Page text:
The eggs we get are plenty for us even during the winter, but some chicken-keepers keep a light on in the coop for part of the night to make the chickens continue to lay eggs.  In commercial chicken houses, where farmers keep chickens in cages so small they cannot spread their wings, the lights are on all the time to trick the chickens into laying constantly.   If you buy your eggs at the farmers market, expect the farmer to have fewer eggs in the winter; get there early to purchase yours.  Chickens also molt, during which time they lose their feathers, regrow new ones, and cease laying entirely before resuming laying a couple of months later.

Scott says he wants to put them in the stew pot when they stop laying eggs in a few years.  I doubt I will be able to eat a creature I have taken care of daily for so long, and I do not know if he would be able to either.  I know that my grandparents would laugh at that notion, but I didn’t grow up eating chickens from the yard as they did, either, and my family will not go hungry if we don’t eat the chickens. 
I won’t take them to the veterinarian if they become sick, although I won’t allow them to suffer, but until they die of natural causes, I’ll give them the best care possible.  Maybe we’ll get some more chickens that we will designate as birds for meat from the beginning, and we’ll harvest them when they are a few months old, before they’ve been around very long.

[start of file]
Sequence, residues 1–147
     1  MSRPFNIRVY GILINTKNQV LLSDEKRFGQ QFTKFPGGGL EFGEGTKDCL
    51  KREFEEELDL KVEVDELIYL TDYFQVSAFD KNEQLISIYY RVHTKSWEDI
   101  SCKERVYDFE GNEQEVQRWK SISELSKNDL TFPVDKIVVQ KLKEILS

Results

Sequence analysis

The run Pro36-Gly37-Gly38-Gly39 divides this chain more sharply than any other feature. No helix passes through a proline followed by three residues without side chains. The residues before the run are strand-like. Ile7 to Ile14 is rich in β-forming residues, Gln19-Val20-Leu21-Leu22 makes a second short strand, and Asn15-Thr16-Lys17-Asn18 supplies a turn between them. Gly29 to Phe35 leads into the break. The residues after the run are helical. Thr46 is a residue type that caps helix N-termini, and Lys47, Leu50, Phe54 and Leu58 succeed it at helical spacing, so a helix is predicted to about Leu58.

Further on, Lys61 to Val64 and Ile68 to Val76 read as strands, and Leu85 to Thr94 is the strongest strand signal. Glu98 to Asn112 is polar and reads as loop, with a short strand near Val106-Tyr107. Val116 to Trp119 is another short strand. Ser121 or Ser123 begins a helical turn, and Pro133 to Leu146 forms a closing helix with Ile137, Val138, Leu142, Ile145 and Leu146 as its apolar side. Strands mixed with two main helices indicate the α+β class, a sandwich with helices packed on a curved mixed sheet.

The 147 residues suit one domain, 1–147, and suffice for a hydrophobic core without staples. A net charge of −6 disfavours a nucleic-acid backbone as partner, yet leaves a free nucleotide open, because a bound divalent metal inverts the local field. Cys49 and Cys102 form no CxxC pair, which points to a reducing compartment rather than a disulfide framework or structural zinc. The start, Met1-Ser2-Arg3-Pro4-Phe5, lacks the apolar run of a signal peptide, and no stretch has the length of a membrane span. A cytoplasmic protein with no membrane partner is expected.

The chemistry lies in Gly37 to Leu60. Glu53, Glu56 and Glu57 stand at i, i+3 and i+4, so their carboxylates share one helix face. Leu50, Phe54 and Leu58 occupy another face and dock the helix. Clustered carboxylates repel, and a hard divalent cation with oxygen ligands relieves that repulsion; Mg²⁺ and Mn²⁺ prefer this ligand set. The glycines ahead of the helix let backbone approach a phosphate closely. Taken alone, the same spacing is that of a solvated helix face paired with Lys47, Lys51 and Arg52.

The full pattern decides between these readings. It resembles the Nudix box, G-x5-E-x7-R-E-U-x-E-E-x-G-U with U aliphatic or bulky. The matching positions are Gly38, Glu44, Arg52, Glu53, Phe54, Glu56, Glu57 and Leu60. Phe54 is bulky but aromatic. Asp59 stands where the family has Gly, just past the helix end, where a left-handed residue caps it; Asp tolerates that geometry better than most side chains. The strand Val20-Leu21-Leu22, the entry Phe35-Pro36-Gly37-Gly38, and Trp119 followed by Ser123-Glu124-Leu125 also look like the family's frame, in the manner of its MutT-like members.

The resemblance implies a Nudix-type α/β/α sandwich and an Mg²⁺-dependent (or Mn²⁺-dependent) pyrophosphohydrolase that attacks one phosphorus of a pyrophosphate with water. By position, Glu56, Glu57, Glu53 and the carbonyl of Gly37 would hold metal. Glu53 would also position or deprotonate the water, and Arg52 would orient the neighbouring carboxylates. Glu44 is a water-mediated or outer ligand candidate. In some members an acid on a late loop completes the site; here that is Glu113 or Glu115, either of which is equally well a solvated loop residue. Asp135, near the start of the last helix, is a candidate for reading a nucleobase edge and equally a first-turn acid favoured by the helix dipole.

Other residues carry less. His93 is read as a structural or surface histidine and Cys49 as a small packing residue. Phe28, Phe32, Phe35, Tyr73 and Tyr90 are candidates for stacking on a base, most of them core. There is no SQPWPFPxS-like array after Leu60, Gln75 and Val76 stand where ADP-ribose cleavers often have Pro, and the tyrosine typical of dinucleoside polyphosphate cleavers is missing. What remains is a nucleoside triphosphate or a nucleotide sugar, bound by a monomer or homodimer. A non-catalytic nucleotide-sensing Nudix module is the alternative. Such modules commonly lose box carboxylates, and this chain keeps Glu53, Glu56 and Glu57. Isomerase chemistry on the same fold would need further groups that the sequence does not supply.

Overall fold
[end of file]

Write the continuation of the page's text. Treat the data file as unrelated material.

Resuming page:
Thursday, December 8, 2011

A few weeks ago, I attended the South Carolina Agriculture Council meeting to hear a discussion about “GMOs, Organic Farming, and Organic Certification.”  Readers of this column know I am biased against the use of GMOs or, genetically modified organisms, in agriculture.  It seems somehow wrong to insert the genes of a flounder, for example, into a tomato so that the tomato will tolerate colder temperatures, and then to eat this “Franken food.”

 Dan Pitts, the Technical Development Representative from Monsanto, the company that was one of the pioneers of GMO agriculture, gave presentation on using GMOs in agriculture to “grow better crops and use less resources to do so.”  With GMO corn, for example, scientists insert the pesticide BT, or bacillus thuringiensis, into the corn genes so that when a caterpillar eats the corn, it also eats the pesticide, which kills the caterpillar.  Farmers do not have to spray pesticides on the fields, and, as Mr. Pitts illustrated with statistics, farmers no longer put millions of pounds of chemicals into the environment.  Corn yields have increased.  With Roundup® Ready Soybeans, farmers do not have to till the soil and cause erosion; they spray the herbicide, which kills the weeds but not the soybeans.

I asked Mr. Pitts about reports I have heard about pollen from GMO plants blowing into fields of plants that are not GMO, and producing plants that have the GMO genes.  He said, “Coexistence of different agricultural production methods working effectively side by side is well established and has a long, successful history in agriculture.”  He also says, “according to USDA’s organic rules, the inadvertent presence of GMO in an organic canola field would not constitute a violation of the organic program regulations nor render the canola ineligible for organic certification.”